March is National Reading Month, so to celebrate raising awareness of this crucial life skill we’ll discuss the links between speech and language development and early literacy skills. A number of skills that would fall under the speech and language umbrella are enormously important to the development of early literacy. What can parents can do to promote early literacy in their children, from 12 months (or even earlier!) through pre-adolescence? We’ll discuss that too. You may already actively do some or all of these things with your child(ren), but let’s explore some evidence-based lessons as you continue to stimulate your child’s reading development. Learning to read and to ♥ love reading ♥ is a childhood-long project for both children and parents and the work you do as a parent and this post aims to be another support for this noble endeavor.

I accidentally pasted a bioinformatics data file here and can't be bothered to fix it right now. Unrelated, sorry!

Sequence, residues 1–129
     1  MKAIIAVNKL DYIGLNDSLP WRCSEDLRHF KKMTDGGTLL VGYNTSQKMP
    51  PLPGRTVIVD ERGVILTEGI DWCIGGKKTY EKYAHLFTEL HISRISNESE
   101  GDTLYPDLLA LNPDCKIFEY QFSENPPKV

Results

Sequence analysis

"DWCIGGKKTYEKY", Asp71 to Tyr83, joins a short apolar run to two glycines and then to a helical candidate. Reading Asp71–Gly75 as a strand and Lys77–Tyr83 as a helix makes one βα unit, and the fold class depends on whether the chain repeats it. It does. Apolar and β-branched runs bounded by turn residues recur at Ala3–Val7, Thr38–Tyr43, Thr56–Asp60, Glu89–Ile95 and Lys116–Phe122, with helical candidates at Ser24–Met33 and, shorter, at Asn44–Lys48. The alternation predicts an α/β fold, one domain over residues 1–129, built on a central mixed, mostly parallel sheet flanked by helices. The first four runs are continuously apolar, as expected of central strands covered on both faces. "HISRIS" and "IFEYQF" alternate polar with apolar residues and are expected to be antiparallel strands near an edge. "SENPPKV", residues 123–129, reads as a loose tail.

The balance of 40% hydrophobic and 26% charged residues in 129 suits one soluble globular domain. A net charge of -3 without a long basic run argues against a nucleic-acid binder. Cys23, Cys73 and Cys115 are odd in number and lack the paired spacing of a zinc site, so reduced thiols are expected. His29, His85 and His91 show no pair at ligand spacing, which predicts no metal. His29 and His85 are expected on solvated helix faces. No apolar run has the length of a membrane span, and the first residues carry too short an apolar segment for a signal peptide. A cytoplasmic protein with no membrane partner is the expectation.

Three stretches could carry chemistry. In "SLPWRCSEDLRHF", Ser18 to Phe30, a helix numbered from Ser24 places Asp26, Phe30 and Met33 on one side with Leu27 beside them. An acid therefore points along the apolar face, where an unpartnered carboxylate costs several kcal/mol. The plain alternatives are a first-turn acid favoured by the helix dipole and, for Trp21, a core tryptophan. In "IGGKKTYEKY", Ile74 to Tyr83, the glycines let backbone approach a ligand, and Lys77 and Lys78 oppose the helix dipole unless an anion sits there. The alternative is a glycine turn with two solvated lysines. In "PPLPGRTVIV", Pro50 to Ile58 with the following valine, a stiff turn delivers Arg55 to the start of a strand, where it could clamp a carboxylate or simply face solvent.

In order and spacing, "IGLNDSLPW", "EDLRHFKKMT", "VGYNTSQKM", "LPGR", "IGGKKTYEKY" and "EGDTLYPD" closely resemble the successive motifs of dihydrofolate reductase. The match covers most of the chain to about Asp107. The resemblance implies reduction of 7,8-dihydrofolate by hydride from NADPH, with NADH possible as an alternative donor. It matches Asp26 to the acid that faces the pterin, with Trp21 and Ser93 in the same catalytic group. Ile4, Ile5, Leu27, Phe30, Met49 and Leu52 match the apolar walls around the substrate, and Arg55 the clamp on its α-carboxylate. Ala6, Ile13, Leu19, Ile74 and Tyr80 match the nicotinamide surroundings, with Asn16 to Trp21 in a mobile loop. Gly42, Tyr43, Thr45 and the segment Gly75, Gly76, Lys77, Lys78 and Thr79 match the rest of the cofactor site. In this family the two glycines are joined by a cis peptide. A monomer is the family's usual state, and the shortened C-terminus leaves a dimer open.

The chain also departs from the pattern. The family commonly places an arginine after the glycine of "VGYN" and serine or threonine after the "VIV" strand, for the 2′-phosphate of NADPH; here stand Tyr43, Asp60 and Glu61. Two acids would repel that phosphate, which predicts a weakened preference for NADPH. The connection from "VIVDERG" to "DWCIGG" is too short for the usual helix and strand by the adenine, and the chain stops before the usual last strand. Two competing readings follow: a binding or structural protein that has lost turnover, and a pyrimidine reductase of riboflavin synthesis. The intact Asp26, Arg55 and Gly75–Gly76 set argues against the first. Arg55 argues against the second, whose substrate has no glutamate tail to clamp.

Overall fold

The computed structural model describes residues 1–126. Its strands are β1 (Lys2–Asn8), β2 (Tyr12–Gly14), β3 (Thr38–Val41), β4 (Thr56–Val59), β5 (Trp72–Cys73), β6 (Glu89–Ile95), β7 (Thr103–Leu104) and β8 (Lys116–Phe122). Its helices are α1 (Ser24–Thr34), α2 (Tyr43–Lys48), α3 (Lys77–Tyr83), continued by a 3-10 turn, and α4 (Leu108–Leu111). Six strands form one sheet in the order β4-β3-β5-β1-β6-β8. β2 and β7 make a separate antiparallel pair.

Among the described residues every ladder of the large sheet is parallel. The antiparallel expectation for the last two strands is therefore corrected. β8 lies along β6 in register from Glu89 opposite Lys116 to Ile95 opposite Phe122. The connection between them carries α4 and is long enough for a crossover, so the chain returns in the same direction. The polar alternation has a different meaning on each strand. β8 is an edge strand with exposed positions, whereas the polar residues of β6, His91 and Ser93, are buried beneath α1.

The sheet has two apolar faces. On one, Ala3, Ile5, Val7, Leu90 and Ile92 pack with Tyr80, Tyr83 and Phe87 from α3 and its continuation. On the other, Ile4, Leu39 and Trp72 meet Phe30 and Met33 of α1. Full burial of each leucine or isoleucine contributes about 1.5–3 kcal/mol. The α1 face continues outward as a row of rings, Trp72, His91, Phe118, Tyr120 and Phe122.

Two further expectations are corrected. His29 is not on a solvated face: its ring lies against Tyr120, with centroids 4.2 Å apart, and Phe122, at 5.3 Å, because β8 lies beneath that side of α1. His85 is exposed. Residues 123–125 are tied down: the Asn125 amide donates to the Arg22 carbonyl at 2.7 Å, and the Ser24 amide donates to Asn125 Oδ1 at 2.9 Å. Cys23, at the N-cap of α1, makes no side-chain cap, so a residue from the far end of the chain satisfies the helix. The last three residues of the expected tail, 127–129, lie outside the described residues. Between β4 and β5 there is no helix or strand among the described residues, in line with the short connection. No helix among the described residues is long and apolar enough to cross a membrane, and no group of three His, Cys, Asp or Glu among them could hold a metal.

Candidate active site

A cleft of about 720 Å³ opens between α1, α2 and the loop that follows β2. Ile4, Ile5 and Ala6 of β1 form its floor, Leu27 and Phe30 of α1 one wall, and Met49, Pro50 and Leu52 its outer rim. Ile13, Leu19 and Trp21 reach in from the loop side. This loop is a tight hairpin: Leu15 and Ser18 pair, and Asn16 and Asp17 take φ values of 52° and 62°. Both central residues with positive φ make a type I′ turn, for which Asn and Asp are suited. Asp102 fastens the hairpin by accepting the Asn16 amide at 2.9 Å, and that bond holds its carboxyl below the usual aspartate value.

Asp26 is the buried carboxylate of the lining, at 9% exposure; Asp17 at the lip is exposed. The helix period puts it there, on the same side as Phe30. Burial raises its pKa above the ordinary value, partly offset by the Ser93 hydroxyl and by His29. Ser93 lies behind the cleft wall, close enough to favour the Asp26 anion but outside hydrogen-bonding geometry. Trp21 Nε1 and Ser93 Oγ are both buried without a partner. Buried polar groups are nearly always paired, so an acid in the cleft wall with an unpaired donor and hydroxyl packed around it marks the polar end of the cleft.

Despite technology having taken over the world, books are undoubtedly the foundation of education. Your child can be inspired by a book about a ballet dancer’s hard work to perfect her craft. Or he could broaden his horizons with a book about conservation efforts in the National Park Services. But it takes a lot of hard work and effort for your child to learn how to read in the first place. And children with a speech or language disorder may need a little extra help. So despite books being the gold standard of education, your child’s efforts to learn to read might benefit from a boost from technology. This back-to-school season, help your child get ready for school with some kid-friendly apps for beginning readers. Encouraging reading as a regular habit early in life can not only bolster his speech and language development, but also accelerate his academic progress.